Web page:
Plans to scrap Turkey’s special courts
TURKEY ruling AK Party (Justice and Development Party) plans to abolish widely criticised special courts used in the trials of alleged coup plotters, a parliament official told Reuters on Wednesday, making the future of the politically sensitive cases uncertain.
A series of trials investigating hundreds of people accused of links to coup plots or Kurdish militants would be affected by the reform.
Critics of the courts say the trials, one of which is a conspiracy case involving hundreds of military officers, have spiralled out of control and been used to stifle dissent. Many defendants have spent years in custody with no verdict in sight.
Since first coming to power in 2002, Prime Minister Tayyip Erdogan’s AK Party has been sharply at odds with the staunchly secular military, which distrusted the prime minister’s Islamist past. The special authority courts, established by Erdogan’s government in 2005 to replace state security courts, have pursued cases against alleged anti-government plots within the secularist establishment, including the officer corps.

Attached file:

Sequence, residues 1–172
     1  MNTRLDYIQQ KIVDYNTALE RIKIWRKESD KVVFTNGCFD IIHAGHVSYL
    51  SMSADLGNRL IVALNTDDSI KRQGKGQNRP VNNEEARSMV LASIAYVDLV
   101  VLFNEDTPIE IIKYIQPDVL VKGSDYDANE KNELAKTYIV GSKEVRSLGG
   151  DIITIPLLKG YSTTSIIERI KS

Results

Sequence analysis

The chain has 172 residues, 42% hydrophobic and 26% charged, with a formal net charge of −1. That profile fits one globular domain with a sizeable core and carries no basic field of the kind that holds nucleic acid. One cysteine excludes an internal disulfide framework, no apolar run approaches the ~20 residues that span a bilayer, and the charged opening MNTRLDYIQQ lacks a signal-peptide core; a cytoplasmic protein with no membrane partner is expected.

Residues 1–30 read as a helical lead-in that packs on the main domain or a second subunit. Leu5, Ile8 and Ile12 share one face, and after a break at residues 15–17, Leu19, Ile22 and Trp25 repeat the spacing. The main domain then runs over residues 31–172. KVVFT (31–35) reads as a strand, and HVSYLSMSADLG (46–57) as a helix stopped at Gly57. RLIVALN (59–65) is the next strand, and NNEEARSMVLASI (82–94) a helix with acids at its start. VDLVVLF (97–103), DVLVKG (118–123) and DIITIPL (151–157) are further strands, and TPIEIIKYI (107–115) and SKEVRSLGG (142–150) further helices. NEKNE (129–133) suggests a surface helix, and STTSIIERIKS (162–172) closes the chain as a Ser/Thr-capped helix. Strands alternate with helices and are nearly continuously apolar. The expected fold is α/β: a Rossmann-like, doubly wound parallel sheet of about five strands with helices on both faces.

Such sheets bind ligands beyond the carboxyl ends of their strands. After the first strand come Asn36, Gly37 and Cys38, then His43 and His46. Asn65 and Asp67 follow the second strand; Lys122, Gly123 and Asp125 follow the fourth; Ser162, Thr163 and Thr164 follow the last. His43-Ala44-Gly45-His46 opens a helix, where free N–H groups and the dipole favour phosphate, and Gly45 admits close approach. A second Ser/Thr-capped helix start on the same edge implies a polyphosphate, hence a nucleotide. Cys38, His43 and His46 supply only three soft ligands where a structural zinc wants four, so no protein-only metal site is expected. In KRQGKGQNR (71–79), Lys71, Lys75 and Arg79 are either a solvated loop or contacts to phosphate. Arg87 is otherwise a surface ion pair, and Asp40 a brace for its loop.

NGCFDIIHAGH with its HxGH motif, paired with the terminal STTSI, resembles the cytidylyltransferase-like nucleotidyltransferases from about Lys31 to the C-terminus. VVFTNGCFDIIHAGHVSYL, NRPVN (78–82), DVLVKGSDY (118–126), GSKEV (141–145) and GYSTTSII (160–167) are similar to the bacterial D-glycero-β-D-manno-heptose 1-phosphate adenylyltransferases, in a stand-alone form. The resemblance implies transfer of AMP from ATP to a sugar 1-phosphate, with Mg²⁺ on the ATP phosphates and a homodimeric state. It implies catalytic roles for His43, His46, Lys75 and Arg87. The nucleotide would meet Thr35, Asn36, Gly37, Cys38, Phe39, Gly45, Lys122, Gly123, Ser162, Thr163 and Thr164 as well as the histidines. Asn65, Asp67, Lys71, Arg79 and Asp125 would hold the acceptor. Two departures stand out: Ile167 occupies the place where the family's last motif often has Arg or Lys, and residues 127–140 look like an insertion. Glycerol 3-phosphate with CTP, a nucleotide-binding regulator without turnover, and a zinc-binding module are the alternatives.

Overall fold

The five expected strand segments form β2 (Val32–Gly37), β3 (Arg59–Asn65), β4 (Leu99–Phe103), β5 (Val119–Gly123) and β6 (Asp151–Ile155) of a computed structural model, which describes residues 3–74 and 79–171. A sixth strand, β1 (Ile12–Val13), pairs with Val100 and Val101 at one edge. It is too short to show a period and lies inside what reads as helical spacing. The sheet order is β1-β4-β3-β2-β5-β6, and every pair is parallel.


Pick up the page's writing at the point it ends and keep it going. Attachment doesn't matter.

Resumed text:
On of the most prominent case started in 2007 when police said they had uncovered an ultra-nationalist network, called Ergenekon, running plots against Erdogan’s government.
Many of the hundreds of suspects rounded up and held in lengthy pre-trial detention belong to the military. Others included academics, journalists and social activists.
Deputy Prime Minister Bekir Bozdag is leading a commission working on the court reform and AK Party legal experts are examining how the coup-related cases would then be heard, the Hurriyet daily said.
Hurriyet, which did not identify its source, said special authority courts would be replaced by a regional court structure to deal with crimes such as coup-plotting and terrorism. It was not immediately clear how this would affect the ongoing cases.
Erdogan previously criticised special prosecutors for acting as if they were “a different power within the state” and said the courts had been useful at times but also harmful, noting public discontent at the way they had worked.—Reuters